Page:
Cowichan Tribes’ Chief William Seymour said the land-claim case involving local First Nations and land at the mouth of the Fraser River has moved to Duncan for two weeks. (File photo)

Fraser River land-claim case moves to Duncan for two weeks

Cowichan Tribe elders to be interviewed in case involving Tribes’ rights to land in Richmond

The land-claim case involving Cowichan Tribes and land near the mouth of the Fraser River has moved to Duncan.

Cowichan Tribes’ Chief William Seymour said the case, which is being heard by the Supreme Court of B.C., has moved from Victoria to the Duncan courthouse for two weeks, ending on Jan. 31.

He said the temporary change in location is taking place so some of the First Nation’s elders who can’t travel to Victoria can be interviewed by the court.

“The elders have a lot of history to share on these lands,” Seymour said.

“The court case is expected to go for awhile yet. It started on Sept. 9 and is scheduled to run for about 400 days, so it shouldn’t end until January, 2021.”

The Cowichan Nation Alliance first initiated the case in 2014 against Canada, B.C. and the City of Richmond to recover land they are claiming near the mouth of the Fraser River.

RELATED STORY: COWICHAN FIRST NATIONS GO TO COURT OVER DISPUTED LAND IN RICHMOND

The case is based on the claim of the CNA, which includes Cowichan Tribes, Stz’uminus First Nation, Penelakut Tribe and Hal’alt First Nation, to approximately 1,900 acres of traditional village and surrounding lands on the south shore of Lulu Island, which is now in the City of Richmond, as well as the right to fish the south arm of the Fraser River for food.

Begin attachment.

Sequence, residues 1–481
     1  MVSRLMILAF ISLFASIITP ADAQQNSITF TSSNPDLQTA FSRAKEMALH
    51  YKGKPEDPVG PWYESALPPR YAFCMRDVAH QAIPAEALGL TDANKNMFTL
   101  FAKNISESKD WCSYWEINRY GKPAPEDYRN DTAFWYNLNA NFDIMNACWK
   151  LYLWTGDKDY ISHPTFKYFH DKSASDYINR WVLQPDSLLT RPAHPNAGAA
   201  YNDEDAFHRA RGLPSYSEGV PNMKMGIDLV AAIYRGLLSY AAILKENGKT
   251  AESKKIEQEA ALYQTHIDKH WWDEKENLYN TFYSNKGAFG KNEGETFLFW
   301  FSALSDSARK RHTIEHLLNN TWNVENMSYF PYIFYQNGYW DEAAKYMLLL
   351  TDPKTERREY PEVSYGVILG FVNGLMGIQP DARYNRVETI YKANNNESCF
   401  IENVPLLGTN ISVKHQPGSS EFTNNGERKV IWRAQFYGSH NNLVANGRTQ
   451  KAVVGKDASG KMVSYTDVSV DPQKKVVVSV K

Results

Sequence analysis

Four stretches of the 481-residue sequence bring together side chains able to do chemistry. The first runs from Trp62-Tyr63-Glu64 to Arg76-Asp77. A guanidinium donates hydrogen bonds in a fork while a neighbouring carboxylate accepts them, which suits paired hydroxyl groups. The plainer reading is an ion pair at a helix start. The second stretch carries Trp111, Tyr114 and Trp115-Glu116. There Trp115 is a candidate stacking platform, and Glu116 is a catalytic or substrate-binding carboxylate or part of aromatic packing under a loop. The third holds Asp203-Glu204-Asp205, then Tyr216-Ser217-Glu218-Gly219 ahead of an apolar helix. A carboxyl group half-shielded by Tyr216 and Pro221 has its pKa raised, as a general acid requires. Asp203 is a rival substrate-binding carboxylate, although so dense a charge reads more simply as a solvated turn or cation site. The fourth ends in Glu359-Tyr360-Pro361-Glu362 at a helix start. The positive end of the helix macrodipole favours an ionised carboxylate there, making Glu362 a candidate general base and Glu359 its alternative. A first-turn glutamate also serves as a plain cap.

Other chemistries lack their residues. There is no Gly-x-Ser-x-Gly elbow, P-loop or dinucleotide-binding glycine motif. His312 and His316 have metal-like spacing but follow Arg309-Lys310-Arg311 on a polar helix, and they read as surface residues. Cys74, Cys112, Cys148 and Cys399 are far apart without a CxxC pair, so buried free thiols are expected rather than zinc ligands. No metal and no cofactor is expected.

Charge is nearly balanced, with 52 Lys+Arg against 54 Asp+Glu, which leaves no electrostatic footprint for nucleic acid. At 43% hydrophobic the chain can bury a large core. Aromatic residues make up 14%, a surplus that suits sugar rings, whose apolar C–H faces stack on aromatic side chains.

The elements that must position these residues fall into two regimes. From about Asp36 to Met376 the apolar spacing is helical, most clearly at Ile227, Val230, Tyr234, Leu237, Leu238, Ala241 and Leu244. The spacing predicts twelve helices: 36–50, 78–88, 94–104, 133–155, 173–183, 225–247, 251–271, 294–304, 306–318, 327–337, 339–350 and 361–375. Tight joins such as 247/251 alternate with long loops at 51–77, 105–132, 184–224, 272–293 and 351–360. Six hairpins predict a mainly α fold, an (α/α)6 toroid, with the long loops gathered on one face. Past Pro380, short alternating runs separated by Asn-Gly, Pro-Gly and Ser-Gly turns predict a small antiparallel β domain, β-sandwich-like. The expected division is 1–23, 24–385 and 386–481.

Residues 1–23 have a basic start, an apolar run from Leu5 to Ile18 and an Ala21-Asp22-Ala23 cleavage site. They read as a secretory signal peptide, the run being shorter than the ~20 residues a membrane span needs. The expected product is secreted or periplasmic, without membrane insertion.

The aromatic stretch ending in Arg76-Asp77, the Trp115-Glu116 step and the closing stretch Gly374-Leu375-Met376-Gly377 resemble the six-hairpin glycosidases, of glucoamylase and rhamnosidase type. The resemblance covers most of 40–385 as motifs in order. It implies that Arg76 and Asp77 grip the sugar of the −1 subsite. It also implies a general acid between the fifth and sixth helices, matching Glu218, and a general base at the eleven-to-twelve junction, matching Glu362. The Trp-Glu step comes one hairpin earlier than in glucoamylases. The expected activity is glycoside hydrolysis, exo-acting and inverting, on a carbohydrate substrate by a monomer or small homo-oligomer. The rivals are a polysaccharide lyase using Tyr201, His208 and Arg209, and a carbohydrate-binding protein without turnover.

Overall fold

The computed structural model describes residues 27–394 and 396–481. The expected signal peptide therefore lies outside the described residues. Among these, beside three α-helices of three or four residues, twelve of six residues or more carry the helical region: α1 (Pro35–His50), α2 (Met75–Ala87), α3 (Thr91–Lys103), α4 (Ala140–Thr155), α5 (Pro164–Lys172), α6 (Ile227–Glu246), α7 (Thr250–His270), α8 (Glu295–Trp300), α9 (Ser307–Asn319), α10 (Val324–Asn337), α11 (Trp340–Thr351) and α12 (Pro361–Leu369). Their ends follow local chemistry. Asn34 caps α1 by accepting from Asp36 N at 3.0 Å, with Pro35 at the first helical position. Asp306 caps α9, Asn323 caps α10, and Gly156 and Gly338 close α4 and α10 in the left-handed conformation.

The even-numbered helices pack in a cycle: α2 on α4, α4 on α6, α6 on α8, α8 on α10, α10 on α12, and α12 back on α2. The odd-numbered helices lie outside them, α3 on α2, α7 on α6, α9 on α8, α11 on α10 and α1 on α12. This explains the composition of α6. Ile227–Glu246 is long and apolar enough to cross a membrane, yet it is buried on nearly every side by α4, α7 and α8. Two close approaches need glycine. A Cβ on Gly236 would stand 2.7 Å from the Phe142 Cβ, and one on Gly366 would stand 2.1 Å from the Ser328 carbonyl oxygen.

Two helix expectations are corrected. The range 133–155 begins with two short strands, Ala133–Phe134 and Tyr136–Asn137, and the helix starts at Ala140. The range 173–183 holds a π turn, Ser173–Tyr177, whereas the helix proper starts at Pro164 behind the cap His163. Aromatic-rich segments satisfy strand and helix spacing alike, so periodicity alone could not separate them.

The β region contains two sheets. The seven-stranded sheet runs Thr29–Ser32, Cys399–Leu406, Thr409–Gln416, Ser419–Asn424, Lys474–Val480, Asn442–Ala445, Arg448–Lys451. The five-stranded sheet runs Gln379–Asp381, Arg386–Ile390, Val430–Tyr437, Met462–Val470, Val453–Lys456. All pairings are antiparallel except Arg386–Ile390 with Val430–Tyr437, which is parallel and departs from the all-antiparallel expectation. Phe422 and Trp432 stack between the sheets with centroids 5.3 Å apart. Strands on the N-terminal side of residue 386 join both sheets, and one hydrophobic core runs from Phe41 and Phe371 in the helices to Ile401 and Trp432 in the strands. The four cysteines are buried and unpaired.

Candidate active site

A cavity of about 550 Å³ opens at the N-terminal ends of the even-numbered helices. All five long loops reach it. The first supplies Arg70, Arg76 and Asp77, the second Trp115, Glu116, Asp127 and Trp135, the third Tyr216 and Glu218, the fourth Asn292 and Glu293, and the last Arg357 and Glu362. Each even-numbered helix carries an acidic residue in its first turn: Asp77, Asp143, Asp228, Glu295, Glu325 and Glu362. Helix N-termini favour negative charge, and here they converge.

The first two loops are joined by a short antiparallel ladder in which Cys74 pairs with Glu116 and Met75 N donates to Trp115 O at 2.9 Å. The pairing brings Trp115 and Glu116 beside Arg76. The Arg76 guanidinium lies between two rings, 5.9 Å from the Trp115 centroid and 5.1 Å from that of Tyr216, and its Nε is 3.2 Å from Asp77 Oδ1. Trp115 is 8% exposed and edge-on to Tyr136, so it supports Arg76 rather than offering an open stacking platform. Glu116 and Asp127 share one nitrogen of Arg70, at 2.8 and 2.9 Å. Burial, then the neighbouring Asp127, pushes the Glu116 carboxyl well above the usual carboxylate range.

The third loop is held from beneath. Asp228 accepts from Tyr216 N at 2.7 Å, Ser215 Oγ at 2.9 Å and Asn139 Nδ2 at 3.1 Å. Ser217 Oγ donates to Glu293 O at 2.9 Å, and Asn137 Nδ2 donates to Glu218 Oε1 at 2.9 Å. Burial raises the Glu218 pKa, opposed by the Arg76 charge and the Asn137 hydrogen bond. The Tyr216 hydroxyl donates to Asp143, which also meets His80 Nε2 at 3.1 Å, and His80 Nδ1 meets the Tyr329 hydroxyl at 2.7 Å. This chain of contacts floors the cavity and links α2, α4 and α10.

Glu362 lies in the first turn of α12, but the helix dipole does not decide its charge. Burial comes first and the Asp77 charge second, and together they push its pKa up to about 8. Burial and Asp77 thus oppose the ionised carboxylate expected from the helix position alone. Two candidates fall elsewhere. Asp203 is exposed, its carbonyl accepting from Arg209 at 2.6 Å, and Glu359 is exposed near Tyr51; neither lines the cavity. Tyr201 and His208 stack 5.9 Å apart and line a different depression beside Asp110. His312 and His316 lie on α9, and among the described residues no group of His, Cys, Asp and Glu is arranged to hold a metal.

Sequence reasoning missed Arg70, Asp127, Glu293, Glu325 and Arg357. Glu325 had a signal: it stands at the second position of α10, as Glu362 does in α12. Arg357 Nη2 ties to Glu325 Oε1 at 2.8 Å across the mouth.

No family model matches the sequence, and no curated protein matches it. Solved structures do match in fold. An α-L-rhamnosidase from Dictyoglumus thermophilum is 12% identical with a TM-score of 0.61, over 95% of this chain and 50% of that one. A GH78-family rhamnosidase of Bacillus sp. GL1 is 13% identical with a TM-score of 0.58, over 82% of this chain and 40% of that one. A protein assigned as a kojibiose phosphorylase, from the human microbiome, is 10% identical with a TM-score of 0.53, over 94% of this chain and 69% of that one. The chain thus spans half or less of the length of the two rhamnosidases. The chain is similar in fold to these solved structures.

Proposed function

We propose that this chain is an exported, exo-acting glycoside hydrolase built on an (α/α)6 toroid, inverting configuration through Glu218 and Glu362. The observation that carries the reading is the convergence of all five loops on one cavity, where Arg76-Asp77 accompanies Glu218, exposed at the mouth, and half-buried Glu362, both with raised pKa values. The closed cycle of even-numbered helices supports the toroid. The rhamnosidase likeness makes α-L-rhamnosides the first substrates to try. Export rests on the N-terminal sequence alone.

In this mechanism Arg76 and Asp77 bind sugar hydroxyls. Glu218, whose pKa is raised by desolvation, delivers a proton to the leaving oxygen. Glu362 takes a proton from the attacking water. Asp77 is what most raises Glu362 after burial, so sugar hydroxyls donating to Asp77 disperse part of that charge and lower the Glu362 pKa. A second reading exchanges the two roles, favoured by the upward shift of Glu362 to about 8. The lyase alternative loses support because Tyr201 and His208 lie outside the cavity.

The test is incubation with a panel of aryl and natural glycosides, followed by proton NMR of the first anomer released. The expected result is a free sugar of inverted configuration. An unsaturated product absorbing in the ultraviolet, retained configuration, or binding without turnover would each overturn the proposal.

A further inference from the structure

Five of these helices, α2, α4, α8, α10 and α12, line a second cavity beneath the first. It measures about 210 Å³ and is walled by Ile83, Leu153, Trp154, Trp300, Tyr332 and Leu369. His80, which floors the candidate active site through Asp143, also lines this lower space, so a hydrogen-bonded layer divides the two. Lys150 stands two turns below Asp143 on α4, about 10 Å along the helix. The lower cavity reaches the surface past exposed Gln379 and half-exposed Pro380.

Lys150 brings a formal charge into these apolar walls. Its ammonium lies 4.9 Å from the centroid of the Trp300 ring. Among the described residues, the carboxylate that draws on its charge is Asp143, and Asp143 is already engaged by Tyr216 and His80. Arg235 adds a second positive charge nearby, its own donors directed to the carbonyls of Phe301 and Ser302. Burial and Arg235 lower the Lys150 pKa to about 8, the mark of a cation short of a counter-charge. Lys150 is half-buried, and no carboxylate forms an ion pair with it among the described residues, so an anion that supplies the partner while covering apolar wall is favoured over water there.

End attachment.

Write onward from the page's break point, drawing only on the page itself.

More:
The CNA claims that the Cowichan people had a semi-permanent fishing village, called Tl’uqtinus, in that location around the time of contact with Europeans which their ancestors travelled to annually from the Gulf Islands in order to fish for food and harvest plants.

The CNA is seeking to recover those publicly held lands, much of which remains undeveloped.



robert.barron@cowichanvalleycitizen.com

Like us on Facebook and follow us on Twitter

First Nations

Just Posted

PHOTOS: Iconic aircraft at 19 Wing Comox entrance undergoes facelift

PHOTOS: Iconic aircraft at 19 Wing Comox entrance undergoes facelift

Dragon’s Den auditions return to Victoria in search of business pitches

Auditions take place on March 5 at Parkside Hotel and Spa

Meet the new owner of one of Vancouver Island’s most remote restaurants

Kevin Foley, originally from Regina, Saskatchewan, has bought the Scarlet Ibis Pub & Restaurant

Mitchell’s Musings: Modern language is a work in progress

‘Professional’ communication requires more critical thinking from listeners

T.W. Paterson column: Martial law in Ladysmith and other odds ‘n’ ends and random observations

If, as they say, history occasionally repeats itself, it also does 180-degree turnarounds.

Governor general says multiple solutions needed for ‘complicated’ overdose issue

Julie Payette met at a fire hall with firefighters and police officers as well as politicians and health experts

Violent ends to past Indigenous protests haunt Trudeau government

Trudeau adopted a more assertive tone Friday, insisting the barricade must come down

HIGHLIGHTS: Day one and two at the 2020 BC Winter Games

Athletes had sunny – but cold – weather to work with in Fort St. John

B.C. money laundering inquiry to begin amid hopes for answers, accountability

Eby argued that most B.C. residents already know the previous government, at best, turned a blind eye

Blockades remain in place as Wet’suwet’en hereditary chiefs returning to B.C.

Hereditary Chief Woos said they are ready to engage in nation-to-nation talks with the B.C.

Tyler Toffoli scores twice, Canucks crush Bruins 9-3

Stecher, Miller each add three points for Vancouver

Zamboni driver, 42, earns NHL win over Maple Leafs

Emergency goalie called into action for Carolina Hurricanes

Most Read